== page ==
It was time for Elana and Zia to cross the Cook Strait for the first time. It was a balancing act between waiting for good weather conditions and keeping up with the Voyage schedule. The pair sailed for 44 hours to get from Ahuriri, Napier in the North Island, to the Marlborough Sounds in the South Island. Elana was given a generous berth by Marlborough Sounds Marinas in the downtown area, which meant the crew of two could spend time catching up on sleep, fresh food and taking Zia for walks on land!
INSPIRING SCHOOLS AND YACHT CLUBS
Elana visited many schools and yacht clubs during her time down South (including Picton, Waikawa, Blenheim, Nelson, Mapua and Takaka). By this point, Elana and Windfola had raised around $13k of the $50k target for the Voyage for VOYCE Scholarship Fund. Elana made an amazing new sailing friend, Tony Cooper, who donated his time and skills to help her investigate engine issues, and the two sailors enjoyed trading sailing stories.
REST BEFORE THE WILD WEST COAST
Elana then stopped for a few days in Golden Bay as the crew was a little worse for wear and needed to catch up on some rest before tackling the wild West Coast. They also got to finish a few more boat projects that would hopefully get them through the next leg of the trip (spoiler alert: it didn’t really work!). Travelling down the mysterious and uncertain depths of Fiordland made the crew understandably anxious.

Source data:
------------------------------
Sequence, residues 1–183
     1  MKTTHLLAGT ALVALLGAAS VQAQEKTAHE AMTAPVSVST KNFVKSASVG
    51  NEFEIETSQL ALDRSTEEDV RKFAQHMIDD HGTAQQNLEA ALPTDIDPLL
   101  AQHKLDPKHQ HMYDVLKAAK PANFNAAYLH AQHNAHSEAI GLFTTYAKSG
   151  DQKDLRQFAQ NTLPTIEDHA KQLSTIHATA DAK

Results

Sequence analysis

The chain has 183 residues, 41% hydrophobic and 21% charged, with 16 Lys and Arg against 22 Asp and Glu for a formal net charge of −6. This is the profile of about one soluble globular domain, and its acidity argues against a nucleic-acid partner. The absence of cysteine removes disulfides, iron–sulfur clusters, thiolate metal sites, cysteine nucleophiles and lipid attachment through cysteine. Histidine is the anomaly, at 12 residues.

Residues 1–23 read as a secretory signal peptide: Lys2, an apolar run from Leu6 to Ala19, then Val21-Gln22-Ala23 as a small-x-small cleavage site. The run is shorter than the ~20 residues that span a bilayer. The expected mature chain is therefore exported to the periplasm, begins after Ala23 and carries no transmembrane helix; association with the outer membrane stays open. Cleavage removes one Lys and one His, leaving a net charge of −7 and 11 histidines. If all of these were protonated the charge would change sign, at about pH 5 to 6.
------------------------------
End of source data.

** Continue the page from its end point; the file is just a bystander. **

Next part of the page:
CHRISTMAS STRESS AND GUARDIAN ANGELS
As Elana sailed down the West Coast of the South Island, the rest of New Zealand headed off for their summer vacations and family Christmases. Elana made it to Rakiura (Stewart Island) just after New Year and some serious solo sailing. Windfola was plagued by engine problems, as well as Satcom issues and poor VHF reception, which made for a super stressful time while also in one of the most rugged and isolated parts of NZ. Local communities came together to support Elana and Zia during the holidays, even in the most isolated of areas, namely Piopiotahi (Milford Sound), where locals took in Elana and Zia over the holidays. In Doubtful Sound, they also had a few guardian angels including the Russian Crew of Heritage Expeditions Ship and several Southland locals who shared their kai with the crew of two. Elana stayed warm in the wet conditions of the south thanks to the generous Kaiwaka clothing brand, the first wet weather gear she’d worn that truly kept her both warm and DRY (“like being swaddled in a big Kiwi hug”).